Duty-free stores want to sell products locally as travel plummets

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Duty-free stores want to sell products locally as travel plummets

A group of duty-free retail companies this week asked the government to allow them to temporarily sell their backlog of wares in department stores and other retail outlets as business at duty-free stores has sharply declined in the wake of the coronavirus pandemic, Lotte Duty Free said Friday.

Duty-free operators including Lotte, Shilla, Shinsegae and Hyundai have requested the Korea Customs Service temporarily suspend a sales regulation that bars duty-free items from being distributed in the domestic market. The regulation also stipulates that stock that haven’t been sold must be discarded.

“Expanding the sales routes to department stores and outlets will help duty-free operators handle stock,” said Do Young-kwang, a Shinsegae Duty Free spokesperson. “There needs to be people to generate sales, but there are hardly any travelers. Seventy to 90 percent of duty-free sales have been lost, so naturally, our stock has piled up.”

Duty-free sales in February fell to 1.1 trillion won ($905 million), a 45.5 percent drop compared with January’s sales, according to the Korea Duty Free Shops Association.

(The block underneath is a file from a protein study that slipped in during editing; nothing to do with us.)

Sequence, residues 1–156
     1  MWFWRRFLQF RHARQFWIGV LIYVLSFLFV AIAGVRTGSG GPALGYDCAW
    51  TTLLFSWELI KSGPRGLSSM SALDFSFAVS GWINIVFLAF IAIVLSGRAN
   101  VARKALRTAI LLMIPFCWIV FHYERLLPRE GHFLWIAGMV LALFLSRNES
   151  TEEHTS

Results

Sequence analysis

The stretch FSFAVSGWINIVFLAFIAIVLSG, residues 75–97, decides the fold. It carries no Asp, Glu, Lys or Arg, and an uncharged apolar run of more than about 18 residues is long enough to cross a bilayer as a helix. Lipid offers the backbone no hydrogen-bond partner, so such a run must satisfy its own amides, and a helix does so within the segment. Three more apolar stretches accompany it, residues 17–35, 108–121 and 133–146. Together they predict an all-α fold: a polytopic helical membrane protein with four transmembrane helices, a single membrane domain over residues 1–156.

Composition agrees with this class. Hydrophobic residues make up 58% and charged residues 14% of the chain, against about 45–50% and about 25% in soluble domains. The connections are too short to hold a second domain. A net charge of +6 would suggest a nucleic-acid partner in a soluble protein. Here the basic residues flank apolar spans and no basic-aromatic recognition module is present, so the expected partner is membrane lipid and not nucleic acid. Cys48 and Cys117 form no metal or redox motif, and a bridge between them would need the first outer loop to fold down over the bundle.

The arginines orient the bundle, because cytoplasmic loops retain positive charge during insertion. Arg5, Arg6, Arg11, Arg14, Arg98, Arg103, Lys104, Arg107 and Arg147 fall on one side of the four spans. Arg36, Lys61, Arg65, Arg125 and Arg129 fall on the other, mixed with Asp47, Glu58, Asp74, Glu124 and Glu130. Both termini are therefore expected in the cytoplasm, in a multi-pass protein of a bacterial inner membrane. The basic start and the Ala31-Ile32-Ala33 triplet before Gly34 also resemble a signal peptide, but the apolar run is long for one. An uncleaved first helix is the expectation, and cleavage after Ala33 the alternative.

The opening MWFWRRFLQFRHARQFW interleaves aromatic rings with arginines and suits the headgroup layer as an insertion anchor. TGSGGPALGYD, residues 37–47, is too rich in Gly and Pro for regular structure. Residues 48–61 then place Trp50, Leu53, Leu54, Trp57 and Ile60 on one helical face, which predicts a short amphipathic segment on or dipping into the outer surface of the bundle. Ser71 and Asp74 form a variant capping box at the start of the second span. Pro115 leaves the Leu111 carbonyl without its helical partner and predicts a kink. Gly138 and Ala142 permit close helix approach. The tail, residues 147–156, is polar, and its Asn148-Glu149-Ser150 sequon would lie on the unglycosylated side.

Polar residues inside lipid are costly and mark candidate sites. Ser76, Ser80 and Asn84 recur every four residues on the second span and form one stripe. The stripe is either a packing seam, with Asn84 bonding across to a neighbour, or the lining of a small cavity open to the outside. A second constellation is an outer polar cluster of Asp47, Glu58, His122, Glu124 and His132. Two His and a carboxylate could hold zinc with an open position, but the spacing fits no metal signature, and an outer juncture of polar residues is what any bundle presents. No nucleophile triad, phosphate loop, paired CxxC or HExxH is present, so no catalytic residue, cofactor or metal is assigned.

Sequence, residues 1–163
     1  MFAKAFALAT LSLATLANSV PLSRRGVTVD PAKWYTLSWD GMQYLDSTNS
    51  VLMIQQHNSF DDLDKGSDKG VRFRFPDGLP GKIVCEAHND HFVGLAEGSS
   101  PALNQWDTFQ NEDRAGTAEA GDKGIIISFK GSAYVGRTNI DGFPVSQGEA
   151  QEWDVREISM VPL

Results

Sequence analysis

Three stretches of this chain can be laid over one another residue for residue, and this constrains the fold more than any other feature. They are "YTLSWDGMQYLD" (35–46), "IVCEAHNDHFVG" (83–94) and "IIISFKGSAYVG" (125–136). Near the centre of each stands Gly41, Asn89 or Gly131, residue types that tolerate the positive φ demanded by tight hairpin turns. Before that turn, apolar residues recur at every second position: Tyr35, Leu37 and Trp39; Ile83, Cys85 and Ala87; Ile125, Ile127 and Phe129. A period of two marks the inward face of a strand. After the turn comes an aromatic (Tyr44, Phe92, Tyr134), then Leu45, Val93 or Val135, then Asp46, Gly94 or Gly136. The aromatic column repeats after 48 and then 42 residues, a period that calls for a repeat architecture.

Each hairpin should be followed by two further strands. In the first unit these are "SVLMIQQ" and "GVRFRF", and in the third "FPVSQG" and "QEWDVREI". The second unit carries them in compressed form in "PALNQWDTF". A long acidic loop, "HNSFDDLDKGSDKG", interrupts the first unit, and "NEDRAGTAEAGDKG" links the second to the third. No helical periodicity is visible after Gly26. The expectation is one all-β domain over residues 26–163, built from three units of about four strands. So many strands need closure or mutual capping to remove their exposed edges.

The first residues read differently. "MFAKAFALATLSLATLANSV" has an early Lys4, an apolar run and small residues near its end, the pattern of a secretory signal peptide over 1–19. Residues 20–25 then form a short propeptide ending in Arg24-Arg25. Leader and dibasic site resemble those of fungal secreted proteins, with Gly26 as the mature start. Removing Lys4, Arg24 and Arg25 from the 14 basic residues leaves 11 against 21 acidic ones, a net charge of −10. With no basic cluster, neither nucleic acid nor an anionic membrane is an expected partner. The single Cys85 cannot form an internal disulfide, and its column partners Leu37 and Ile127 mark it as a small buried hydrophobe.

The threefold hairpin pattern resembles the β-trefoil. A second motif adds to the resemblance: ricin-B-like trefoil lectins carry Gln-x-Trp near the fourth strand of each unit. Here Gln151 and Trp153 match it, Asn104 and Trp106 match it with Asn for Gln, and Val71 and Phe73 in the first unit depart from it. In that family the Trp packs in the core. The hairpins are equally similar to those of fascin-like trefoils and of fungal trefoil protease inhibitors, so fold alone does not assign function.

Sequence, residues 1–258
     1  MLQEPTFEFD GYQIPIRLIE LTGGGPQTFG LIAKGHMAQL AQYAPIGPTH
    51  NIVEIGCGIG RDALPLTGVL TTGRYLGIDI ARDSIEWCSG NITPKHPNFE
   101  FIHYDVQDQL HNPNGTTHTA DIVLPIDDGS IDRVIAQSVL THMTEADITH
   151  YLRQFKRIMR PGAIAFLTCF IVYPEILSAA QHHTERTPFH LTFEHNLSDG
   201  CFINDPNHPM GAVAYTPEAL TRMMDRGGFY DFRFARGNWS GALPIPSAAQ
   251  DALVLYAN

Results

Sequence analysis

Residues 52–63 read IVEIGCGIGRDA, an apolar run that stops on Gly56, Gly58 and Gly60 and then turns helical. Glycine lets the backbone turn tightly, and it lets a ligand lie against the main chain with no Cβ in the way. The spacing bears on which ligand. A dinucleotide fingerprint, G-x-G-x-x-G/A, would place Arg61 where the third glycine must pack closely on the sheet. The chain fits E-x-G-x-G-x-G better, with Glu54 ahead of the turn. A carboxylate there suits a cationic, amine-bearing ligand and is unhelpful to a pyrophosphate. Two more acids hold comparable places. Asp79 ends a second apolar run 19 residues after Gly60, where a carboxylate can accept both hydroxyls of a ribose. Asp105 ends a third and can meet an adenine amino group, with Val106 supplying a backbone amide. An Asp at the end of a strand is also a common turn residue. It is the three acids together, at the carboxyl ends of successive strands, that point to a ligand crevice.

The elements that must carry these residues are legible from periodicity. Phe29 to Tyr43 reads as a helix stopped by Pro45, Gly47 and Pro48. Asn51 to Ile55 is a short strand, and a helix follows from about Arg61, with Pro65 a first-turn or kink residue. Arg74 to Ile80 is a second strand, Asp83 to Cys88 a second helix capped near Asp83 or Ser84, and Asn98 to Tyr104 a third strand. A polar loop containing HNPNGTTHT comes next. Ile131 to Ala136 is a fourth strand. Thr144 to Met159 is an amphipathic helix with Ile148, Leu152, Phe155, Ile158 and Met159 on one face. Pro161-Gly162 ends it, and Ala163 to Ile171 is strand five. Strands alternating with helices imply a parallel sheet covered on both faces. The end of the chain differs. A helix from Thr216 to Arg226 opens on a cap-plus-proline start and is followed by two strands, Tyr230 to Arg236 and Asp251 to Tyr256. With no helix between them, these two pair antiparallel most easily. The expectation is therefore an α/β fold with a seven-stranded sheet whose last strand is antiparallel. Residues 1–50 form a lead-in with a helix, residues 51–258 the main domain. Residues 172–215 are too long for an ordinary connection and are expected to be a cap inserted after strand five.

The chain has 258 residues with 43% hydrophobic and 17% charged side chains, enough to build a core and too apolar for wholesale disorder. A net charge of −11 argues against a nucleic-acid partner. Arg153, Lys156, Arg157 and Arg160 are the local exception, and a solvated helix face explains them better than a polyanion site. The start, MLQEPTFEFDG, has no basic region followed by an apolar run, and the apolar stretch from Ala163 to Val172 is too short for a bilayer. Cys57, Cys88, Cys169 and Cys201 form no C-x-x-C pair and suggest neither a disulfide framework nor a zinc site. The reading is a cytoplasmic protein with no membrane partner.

The duty-free industry is asking the government to let retailers sell goods that have been in storage for more than three years to locals after passing the customs clearance. Because food and cosmetics are subject to expiration dates, the products that would be available in the local market would likely be limited to fashion and general merchandise, such as watches.

The stores operate through direct buying, in which they purchase in bulk and store the overstock. Orders need to be placed at least three months prior to sales.

The duty-free industry is also asking the government to allow foreign tourists to send duty-free items back home via international packages. They hope this approach will spur more consumption by relieving tourists of the need to carry around the purchased items while they’re in Korea.

“The situation is serious,” said Park Seok-in, a spokesperson for Lotte Duty Free. “We usually keep our stock at a distribution center in Incheon but have temporarily borrowed a separate distribution center in Yeongjong Island [on the west coast of Incheon] for storage.”

Last month, Incheon International Airport Corporation initiated the first stage of its emergency measures, which include cutting back operations of its immigration desks, check-in counters and baggage-handling facilities.

The first of the three-stage emergency plan kicks off when daily passenger levels fall to between 7,000 and 12,000. The number of passengers dipped to the 3,000 range in April, but the airport corporation hasn’t yet initiated the second stage.

BY JIN MIN-JI [jin.minji@joongang.co.kr]
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